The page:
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Burgeo heavy lift impacts entire community, says Harbour Authority


Lift provides vital service: Hiscock

BURGEO, NL – The Harbour Authority of Burgeo is in dire need of a new boatlift.

Used to lift boats from the water for repairs or storage, the 50-ton marine travel lift has been steadfastly maintained – but estimated repairs are so now costly, the Harbour Authority is looking at the option of replacing it entirely.

“It’s been vital to our service here,” harbour master June Hiscock told the Gulf News via phone interview. “The travel lift itself is old. It was put here by the provincial government.”

Hiscock believes the lift was one of 19 scattered around the province by government in the 1980s primarily to support the fishing sector. The lift was operated commercially by a business until 2004 or 2005, when it was purchased by the Harbour Authority of Burgeo, which is non-profit.

“There’s very few travel lifts available around the province these days and many of them are commercially operated,” said Hiscock. “Our understanding is that there is no travel lift service between Port Saunders on the Great Northern Peninsula down to Fortune.”

For boats in need of sudden repair, that means a wide area is left uncovered.

Recently a couple from Pennsylvania was stranded in LaPoile after their sailboat, Splice, sprang a heavy leak. Without the Burgeo boat lift to pull the sailboat from the water and lacking a feasible alternative, the much more expensive option is a full decommission of the boat and getting a crane to Isle aux Morts to lift it before it can be shipped to Halifax for repairs.

“It’s a vital service for many reasons,” said Hiscock, who has been in touch with the American couple and was frustrated by her inability to provide the lift required. “Foremost with me is the safety of vessels out there on the water. If a vessel needs to be emergency lifted there needs to be a place for these people to go.”

Demand for lift service

Now that more tourists are choosing to sail the waters on the southwest coast, Hiscock is seeing a demand in the need for the lift service. Another couple touring the area this past summer got an emergency call and had to rush home. Burgeo was unable to lift their boat and neither could Fortune, which sees a lot more commercial traffic and couldn’t do it in time. The couple ended up having to travel to Fermeuse, on the eastern shore of the Avalon Peninsula.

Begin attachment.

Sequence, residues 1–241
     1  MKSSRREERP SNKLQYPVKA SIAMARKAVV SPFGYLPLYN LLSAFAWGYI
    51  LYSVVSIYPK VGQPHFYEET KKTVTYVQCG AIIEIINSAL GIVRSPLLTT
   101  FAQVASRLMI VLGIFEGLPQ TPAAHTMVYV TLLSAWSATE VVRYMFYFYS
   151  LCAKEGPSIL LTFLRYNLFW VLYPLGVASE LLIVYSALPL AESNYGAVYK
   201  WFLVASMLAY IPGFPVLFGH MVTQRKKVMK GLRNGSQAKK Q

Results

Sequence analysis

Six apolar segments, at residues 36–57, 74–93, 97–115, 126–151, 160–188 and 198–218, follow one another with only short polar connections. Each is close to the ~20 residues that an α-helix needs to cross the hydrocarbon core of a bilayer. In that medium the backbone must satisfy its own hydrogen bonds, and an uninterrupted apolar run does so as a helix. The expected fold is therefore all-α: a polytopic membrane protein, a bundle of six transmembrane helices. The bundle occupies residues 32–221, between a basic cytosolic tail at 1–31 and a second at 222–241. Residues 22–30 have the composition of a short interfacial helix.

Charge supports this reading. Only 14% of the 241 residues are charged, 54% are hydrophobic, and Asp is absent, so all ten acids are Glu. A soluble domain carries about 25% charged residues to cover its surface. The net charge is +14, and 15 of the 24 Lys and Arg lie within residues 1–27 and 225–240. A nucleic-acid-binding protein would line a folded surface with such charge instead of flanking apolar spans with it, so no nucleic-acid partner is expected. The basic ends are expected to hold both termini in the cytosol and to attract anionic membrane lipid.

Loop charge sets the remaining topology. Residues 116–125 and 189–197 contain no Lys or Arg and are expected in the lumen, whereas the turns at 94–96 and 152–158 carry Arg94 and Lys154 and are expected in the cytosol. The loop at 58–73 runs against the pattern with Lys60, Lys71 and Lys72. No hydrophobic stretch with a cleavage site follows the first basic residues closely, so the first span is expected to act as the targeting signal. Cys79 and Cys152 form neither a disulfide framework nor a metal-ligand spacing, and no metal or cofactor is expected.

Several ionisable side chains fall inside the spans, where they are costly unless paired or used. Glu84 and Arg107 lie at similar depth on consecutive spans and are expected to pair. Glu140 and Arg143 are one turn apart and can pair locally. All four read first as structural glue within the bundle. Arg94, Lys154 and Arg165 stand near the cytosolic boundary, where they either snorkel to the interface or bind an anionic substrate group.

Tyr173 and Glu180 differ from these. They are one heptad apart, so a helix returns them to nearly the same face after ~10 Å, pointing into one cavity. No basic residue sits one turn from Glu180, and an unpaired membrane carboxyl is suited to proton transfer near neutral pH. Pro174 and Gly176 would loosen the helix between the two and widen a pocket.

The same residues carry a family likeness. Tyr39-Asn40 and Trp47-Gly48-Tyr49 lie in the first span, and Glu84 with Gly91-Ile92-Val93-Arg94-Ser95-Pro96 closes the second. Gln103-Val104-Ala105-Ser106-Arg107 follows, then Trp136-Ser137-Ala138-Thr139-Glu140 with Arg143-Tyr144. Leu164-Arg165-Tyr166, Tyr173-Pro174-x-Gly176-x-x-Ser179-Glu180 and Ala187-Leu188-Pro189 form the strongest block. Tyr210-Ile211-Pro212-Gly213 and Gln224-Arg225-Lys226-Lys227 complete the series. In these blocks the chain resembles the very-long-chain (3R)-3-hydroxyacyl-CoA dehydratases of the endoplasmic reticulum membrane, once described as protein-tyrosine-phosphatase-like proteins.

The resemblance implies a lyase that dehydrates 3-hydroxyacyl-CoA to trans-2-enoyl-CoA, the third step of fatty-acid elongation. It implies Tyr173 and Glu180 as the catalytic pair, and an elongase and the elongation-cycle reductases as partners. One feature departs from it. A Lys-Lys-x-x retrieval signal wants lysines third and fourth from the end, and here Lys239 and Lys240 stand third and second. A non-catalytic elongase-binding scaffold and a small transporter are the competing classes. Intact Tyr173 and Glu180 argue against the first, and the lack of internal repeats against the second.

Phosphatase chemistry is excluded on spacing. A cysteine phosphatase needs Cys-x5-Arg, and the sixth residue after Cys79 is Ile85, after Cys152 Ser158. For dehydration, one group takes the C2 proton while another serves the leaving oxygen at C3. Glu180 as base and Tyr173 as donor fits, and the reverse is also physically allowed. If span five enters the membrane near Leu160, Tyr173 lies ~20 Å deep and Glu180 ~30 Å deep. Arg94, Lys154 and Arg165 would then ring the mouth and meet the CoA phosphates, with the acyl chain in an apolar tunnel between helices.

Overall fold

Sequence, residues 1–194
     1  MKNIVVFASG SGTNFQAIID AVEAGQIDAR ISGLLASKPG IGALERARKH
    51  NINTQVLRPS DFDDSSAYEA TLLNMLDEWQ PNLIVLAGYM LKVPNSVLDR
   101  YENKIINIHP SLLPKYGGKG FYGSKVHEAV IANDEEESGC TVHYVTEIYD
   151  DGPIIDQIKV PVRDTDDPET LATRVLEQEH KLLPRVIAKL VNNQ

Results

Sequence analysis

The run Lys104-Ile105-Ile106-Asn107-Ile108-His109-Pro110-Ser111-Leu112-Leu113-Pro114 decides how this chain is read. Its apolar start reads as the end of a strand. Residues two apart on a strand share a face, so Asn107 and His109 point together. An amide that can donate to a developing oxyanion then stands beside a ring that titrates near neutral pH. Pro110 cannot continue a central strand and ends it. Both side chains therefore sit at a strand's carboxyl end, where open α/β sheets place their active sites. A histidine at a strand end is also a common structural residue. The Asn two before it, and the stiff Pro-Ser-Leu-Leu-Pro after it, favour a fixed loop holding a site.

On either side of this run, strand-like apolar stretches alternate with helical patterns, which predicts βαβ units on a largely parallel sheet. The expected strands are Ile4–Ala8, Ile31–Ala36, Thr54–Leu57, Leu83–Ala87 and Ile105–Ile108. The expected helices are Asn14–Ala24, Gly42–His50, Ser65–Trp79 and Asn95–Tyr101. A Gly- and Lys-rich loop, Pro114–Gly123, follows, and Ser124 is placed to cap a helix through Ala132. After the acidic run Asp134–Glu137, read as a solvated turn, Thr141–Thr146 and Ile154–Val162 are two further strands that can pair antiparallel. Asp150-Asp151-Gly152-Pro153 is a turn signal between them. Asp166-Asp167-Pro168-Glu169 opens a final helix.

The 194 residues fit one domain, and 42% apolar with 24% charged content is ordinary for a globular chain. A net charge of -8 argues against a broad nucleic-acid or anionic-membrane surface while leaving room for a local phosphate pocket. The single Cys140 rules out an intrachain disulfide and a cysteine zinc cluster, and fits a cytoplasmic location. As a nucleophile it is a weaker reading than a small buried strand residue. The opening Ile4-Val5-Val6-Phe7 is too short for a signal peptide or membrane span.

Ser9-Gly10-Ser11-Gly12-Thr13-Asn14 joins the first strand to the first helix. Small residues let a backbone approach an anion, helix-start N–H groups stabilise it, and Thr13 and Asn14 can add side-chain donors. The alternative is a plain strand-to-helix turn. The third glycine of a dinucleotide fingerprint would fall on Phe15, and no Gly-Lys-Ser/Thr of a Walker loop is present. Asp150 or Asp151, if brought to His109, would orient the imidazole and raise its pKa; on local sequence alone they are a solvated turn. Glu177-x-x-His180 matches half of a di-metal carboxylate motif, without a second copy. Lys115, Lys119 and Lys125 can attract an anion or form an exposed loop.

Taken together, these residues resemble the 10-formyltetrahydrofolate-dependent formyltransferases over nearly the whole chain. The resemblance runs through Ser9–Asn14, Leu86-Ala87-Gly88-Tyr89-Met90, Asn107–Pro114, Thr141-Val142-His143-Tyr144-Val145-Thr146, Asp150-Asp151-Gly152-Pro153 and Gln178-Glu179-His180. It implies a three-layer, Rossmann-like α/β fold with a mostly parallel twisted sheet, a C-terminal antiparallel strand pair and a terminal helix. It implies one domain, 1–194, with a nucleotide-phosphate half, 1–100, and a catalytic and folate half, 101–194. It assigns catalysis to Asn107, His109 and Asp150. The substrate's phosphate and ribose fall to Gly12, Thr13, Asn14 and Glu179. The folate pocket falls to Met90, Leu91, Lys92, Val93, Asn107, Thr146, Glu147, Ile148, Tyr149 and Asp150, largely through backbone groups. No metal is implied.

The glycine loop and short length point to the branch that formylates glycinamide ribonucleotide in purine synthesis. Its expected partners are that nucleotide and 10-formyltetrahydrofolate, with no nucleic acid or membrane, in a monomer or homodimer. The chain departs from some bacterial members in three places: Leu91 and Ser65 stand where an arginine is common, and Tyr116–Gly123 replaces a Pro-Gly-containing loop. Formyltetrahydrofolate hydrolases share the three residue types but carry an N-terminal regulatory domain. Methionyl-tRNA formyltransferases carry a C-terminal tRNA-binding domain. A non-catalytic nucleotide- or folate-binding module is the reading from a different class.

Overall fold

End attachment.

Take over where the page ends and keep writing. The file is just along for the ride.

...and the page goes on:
Even constant maintenance is not enough to slow the effects of time. Hiscock says when the tires were changed this past summer, more degradation was discovered. It’s just not financially feasible to replace all of the wheels, axles and rims.

“It took us a couple of weeks to get some quotes and we’ve been told anywhere from $40,000 to $45,000plus tax. We also had a quote for $60,000-65,000 plus tax. So that’s way too much money for us to be able to come up with on our own,” explained Hiscock.

There are a few other repairs required on top of the wheel problems, such as part of the structure itself that needs to be replaced. Owing to safety concerns, in July the Harbour Authority of Burgeo decided to shut the lift down entirely until a solution could be found.

The Harbour Authority has reached out to small craft harbours via the Department of Fisheries and Oceans (DFO), other government branches, MP Gudie Hutchings and MHA Andrew Parsons looking for financial help. Hiscock is also looking at estimates to replace the lift entirely and is trying to source a quality used lift that might fit the bill instead of a brand new one. The Harbour Authority is also looking at alternatives to a marine travel lift.

“There may be other kinds of equipment that’s a bit more modern and certainly easier to access parts when something does happen,” said Hiscock. “That’s one thing with these marine travel lifts is that they’re so old, some of the parts are not even available now.”

No services for boaters

In addition to the Harbour Authority not generating money, there is an extended impact to the town by not having a serviceable lift in the area. Hiscock says without the lift, boaters and tourists don’t drop by purchase materials for repairs or other marine supplies, or even to avail of the laundry services.

“It’s really impacting on the sustainability of our organization,” said Hiscock. “And the community by extension because all that is offshoots. They go for coffee up at our new coffee shop. They go for groceries. They buy their gas. And of course, when they’re in the community they also go away talking about the nice people and the beauty and it brings more people back here as well.”

For now, the Harbour Authority will continue working with ACOA for help in getting a proposal together. Once that’s drafted there’ll be more some more meetings with government, so it’s likely the process will continue for quite some time.

“I have no idea how soon a decision would be made,” admits Hiscock.

Rosalyn.roy@gulfnews.ca

Twitter: @tygerlylly

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